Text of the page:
Created on Friday, 20 September 2013 Written by RUSTY MILLER, AP Sports Writer
COLUMBUS, Ohio (AP) — A year ago, Ohio State's coaches were driven to distraction by defenders unable to wrap up and make a stop in the open field.
FILE - In this March 5, 2013 file photo, linebacker Curtis Grant (14) warming up during an Ohio State football spring practice at the Woody Hayes Athletic Center in Columbus, Ohio. Even though Ohio State always seemed to come up with a big play when needed, coach Urban Meyer wants something more this year out of his defense. (AP Photo/Columbus Dispatch, Jonathan Quilter, File)
A ball carrier would be trapped near the line of scrimmage and the next thing anyone knew, he was 40 yards away in the end zone.
"The thing that I always look at is effort," coach Urban Meyer said. "I felt like at one time last year there was a bad-effort issue."
Even though the fourth-ranked Buckeyes still aren't perfect in that regard, they feel they've made remarkable improvement from 2012.
It's the nature of offenses these days to isolate a receiver or runner out by himself so he only has one defender to elude.
"Everybody is going to force you to tackle in space," defensive line coach Mike Vrabel said. "That's what happens in the National Football League; it happens in college. It's easy to tackle a guy (at the line). But when you get players that are displaced and you get receivers that are split out, the space between defenders gets further and further."
The coaching staff determined that the Buckeyes missed 16 tackles last Saturday at California — the goal is a single-digit total. Yet it's hard to argue with a 52-34 win, forcing two turnovers and a 3-0 record.
By most measures — except maybe the missed-tackles tote board — the defense has more than met expectations this year while replacing seven starters, including all four linemen.
"I'd say I'm pleased. At one point we've had 10 new starters on the field," Meyer said during preparations for Saturday's game against Florida A&M.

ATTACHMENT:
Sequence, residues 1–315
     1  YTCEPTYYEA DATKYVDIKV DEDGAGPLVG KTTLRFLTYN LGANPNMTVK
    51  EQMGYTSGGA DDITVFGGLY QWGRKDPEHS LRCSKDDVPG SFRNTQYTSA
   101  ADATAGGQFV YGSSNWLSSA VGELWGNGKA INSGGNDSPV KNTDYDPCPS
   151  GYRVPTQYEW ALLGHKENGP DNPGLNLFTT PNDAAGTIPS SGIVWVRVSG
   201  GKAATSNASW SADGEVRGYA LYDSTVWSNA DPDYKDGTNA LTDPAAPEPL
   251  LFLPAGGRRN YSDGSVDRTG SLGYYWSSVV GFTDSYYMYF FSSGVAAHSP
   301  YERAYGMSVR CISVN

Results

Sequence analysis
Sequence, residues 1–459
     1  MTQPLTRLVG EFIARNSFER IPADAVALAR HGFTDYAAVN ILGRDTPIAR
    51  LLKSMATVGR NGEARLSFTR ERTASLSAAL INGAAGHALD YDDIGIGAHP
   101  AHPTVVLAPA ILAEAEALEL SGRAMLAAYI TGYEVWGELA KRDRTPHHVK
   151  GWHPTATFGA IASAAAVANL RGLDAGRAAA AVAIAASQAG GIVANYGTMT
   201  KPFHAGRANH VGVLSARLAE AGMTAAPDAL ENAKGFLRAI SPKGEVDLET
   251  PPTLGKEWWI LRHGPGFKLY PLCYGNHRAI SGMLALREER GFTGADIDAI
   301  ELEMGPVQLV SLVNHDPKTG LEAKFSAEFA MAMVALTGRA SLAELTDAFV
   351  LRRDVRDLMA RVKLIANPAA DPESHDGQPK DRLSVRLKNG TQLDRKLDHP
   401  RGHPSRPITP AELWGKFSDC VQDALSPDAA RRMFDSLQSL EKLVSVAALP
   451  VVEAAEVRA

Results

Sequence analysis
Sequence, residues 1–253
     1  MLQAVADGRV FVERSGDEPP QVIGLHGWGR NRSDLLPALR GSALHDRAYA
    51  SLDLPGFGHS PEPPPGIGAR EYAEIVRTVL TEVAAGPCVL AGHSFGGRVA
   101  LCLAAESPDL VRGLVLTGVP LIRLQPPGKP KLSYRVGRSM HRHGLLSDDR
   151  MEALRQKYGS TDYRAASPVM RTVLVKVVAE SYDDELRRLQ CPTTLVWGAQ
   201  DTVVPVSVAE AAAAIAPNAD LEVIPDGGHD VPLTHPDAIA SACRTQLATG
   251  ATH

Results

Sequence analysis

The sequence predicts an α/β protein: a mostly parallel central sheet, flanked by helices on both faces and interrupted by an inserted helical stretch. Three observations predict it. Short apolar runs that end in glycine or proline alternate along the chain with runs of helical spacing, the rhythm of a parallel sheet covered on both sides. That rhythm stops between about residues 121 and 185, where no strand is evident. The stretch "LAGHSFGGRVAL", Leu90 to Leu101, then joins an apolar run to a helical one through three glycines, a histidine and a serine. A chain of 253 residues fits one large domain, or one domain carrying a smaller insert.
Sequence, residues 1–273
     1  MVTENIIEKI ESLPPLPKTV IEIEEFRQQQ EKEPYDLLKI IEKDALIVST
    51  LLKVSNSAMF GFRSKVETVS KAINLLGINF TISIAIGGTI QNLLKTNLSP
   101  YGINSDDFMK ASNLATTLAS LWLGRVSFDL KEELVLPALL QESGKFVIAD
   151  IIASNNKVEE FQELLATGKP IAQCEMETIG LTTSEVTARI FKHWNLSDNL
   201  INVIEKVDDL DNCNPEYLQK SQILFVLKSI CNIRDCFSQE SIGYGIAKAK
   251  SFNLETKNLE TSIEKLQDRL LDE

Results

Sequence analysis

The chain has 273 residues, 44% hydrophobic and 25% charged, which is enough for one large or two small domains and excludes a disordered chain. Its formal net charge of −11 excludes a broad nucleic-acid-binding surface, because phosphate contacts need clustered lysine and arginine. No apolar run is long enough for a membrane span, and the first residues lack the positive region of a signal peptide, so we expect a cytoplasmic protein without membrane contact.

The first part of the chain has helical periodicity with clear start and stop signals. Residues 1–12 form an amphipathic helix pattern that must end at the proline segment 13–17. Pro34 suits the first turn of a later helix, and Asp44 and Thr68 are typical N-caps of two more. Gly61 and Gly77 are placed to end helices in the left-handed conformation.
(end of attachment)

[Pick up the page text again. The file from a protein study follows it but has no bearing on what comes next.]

Ryan Shazier is the fulcrum of the Buckeyes' defense. An All-Big Ten performer last year, he led the team in tackles by a wide margin with 115, in tackles for a loss with 17 and was second in sacks with five.
Yet his exuberance on the field sometimes hurt him and his teammates. He'd overcommit on a tackle instead of simply hanging on until help arrived. The result was big-gainers.
"Remember, last year (Shazier) was a big culprit," Meyer said. "He would overrun (a play) and they were cutting back on it."
Through three games a year ago, the Buckeyes had been gashed for 12 plays of 20 yards or longer. This year the number's down to eight, and three of those are on kick returns.
Shazier, along with everybody else, has cleaned up his act.
"Last year when we missed tackles, we didn't have leverage on the ball," Shazier said. "This year we have leverage on the ball and guys are taking shots."
Some will look at the stats and say Ohio State's defense remains vulnerable. After all, it is surrendering 20 points and 347 yards a game.
But when you consider that only one of the front seven players on the unit (Shazier) is back, it's been a successful learning experience.
"We're playing all right," senior safety C.J. Barnett said. "Cal did some things, they schemed us. But we missed too many tackles and had some lapses in coverages. But we're working on it. Hopefully we get better as the season goes on."
Several linemen — Michael Bennett, Chris Carter and freshman Joey Bosa — have been revelations.
But the defense is still a work in progress. Linemen Adolphus Washington (groin) and Tommy Schutt (broken foot) are out. The linebacker corps is thin.
"There's some misses at recruiting at linebacker," Meyer said. "Call it what it is but at linebacker we should have more depth and more experience than we have. For whatever reason, injuries and things happen, but we should be better at linebacker. That's the one concerning position right now."
Barnett acknowledges that the Buckeyes still make mistakes and miss tackles. But that's just a way of gauging how far they have to go.
"We understand what we need to work on. It's no secret," he said. "We have aspirations to be the best."